While home prices continued increasing in August, their pace slowed. Here’s why it’s a good thing…
While 2013 was a year of continued turmoil for the nation’s housing market, this year is proving to be the industry’s growing period, in which, one by one, regional markets are finding their way back to a comfortable balance, according to the latest CoreLogic Home Price Index report.
In Chicagoland, growth has been consistent with home prices including distressed sales rising a modest 5.1 percent year-over-year, and, excluding distressed, 4.8 percent.
Statewide, gains have been slightly less marked, with prices including distressed rising 4.7 percent, and excluding distressed 3.8 percent.
More Good News
CoreLogic’s report went on to outline the national situation, as well, finding that:
- Overall average home prices, including distressed sales, have increased 6.4 percent year-over-year.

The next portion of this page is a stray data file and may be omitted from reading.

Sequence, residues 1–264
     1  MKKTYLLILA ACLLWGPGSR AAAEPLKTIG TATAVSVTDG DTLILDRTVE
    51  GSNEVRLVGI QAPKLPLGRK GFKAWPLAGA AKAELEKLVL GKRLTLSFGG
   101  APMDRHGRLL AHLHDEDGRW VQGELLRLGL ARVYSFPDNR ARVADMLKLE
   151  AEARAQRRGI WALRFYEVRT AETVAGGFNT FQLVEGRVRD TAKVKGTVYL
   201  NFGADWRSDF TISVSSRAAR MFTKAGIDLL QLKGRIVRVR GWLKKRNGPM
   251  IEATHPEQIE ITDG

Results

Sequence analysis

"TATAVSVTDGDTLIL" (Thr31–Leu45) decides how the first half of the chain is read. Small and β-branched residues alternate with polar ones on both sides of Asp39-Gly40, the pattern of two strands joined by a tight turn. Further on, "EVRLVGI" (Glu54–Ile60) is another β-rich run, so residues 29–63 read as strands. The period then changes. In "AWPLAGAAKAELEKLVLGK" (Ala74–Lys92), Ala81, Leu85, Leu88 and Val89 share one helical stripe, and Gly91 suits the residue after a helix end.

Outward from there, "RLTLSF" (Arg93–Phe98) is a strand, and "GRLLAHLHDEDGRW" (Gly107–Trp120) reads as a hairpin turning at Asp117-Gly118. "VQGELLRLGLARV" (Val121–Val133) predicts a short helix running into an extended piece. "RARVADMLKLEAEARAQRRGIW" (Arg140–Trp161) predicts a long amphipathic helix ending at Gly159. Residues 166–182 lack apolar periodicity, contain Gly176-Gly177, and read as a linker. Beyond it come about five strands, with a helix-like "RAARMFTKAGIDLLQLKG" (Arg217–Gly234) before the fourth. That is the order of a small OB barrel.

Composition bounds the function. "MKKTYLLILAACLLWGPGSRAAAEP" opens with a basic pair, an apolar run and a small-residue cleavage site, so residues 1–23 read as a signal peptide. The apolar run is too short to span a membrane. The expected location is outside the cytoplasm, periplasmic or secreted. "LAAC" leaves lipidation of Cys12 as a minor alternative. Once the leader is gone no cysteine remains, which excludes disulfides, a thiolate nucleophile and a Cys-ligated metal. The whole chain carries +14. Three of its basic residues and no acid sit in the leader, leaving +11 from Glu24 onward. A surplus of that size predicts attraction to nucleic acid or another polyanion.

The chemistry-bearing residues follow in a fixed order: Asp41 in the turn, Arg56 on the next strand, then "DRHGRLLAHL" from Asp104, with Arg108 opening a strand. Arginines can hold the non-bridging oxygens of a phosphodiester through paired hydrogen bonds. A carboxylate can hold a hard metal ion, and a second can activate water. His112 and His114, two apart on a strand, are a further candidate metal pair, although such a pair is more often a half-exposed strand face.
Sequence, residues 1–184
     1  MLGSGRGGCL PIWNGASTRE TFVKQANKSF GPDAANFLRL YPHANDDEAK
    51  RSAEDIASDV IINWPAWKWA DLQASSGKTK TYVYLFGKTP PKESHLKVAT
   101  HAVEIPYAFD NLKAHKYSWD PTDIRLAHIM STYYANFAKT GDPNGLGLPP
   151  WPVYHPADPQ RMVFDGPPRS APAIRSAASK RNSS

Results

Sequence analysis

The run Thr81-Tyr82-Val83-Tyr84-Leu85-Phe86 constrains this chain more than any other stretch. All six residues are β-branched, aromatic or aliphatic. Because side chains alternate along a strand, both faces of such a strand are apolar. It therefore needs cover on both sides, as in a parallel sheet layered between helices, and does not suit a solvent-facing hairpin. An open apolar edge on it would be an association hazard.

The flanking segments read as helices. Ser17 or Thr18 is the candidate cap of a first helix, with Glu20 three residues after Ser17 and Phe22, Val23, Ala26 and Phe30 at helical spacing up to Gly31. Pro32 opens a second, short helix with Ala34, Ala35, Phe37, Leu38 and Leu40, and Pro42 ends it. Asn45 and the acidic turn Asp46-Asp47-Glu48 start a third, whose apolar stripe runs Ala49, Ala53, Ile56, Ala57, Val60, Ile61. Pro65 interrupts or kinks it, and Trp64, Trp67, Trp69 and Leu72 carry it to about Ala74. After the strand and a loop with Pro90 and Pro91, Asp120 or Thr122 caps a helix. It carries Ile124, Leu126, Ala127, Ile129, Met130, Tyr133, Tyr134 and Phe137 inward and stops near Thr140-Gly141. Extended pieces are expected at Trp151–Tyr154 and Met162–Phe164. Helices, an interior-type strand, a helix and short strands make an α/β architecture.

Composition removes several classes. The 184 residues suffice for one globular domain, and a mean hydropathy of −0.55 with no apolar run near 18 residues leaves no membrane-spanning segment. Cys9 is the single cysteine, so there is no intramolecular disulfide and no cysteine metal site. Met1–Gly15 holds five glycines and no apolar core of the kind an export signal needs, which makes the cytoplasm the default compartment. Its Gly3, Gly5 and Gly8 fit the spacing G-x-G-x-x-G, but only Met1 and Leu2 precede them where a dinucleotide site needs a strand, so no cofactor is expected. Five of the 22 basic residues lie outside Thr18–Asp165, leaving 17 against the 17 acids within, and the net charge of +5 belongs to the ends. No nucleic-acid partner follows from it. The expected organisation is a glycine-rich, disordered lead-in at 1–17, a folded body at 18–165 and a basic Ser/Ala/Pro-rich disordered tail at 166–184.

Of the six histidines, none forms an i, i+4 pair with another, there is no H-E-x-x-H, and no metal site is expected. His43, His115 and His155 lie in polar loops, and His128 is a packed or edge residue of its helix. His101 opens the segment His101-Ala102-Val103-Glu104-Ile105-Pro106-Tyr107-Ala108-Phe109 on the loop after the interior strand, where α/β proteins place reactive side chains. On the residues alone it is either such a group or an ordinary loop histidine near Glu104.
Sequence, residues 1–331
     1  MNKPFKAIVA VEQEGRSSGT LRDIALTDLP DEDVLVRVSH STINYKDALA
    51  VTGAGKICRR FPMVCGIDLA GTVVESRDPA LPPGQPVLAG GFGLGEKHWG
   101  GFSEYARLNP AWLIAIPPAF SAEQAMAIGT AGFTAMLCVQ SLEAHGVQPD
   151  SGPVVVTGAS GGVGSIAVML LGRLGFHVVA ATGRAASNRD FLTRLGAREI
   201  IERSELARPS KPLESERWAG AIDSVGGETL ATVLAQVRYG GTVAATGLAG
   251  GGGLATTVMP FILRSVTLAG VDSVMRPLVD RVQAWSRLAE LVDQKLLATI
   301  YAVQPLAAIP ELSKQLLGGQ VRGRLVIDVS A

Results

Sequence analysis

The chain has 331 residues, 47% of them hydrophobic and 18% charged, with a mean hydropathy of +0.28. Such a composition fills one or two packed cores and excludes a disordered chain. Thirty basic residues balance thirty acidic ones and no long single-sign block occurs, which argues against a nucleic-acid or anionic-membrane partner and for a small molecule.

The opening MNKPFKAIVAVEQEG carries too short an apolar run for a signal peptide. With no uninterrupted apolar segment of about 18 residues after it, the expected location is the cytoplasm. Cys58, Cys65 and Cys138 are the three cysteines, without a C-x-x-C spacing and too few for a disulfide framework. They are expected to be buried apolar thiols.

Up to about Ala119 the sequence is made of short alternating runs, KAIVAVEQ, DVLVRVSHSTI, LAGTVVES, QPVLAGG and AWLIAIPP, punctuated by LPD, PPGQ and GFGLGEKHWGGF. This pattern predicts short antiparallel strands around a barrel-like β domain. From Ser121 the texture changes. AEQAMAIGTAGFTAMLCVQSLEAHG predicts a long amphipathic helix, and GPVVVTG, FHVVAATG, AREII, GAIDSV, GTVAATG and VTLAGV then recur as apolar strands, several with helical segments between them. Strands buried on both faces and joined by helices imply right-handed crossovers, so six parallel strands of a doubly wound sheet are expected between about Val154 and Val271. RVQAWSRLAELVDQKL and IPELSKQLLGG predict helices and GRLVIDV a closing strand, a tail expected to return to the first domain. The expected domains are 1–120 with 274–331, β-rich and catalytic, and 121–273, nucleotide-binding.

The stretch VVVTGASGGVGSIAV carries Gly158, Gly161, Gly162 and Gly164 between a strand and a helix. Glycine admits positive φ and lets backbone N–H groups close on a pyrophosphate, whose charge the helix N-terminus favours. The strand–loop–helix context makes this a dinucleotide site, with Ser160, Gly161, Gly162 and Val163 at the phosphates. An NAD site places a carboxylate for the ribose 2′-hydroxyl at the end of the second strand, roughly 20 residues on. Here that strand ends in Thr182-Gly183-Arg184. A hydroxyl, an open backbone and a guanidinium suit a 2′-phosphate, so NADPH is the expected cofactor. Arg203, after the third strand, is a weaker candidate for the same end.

- August’s increases represent 30 consecutive months of year-over-year increases. However, national growth is no longer posting double-digit increases.
- Every state experienced year-over-year home price increases in August.
A Balancing Act
The increases in August mark yet another month of home prices increases, both including and excluding distressed sales. However, looking at the progress of previous months, the pace of growth is slowing considerable. But that’s not necessarily a bad thing, according to CoreLogic Chief Economist Mark Fleming.
“The pace of year-over-year appreciation continues to slow down as real estate markets find more balance,” he said. “Home price appreciation reached a peak of almost 12 percent year-over-year in October 2013 and has since subsided to the current pace of 6 percent.”
Fleming added that CoreLogic and the real estate industry as a whole should welcome the continued moderation of home price appreciation, saying that not only is it a sign of a balanced market, but it puts “less pressure on affordability for potential homebuyers in the near future.”
In the report, Anan Nallathambi, president and CEO of CoreLogic, mimics Fleming’s sentiments, saying that booming metropolitans like Los Angeles and Houston “continue to lead the way with strong price gains buoyed by tight supplies and a gradual rebound in economic activity.”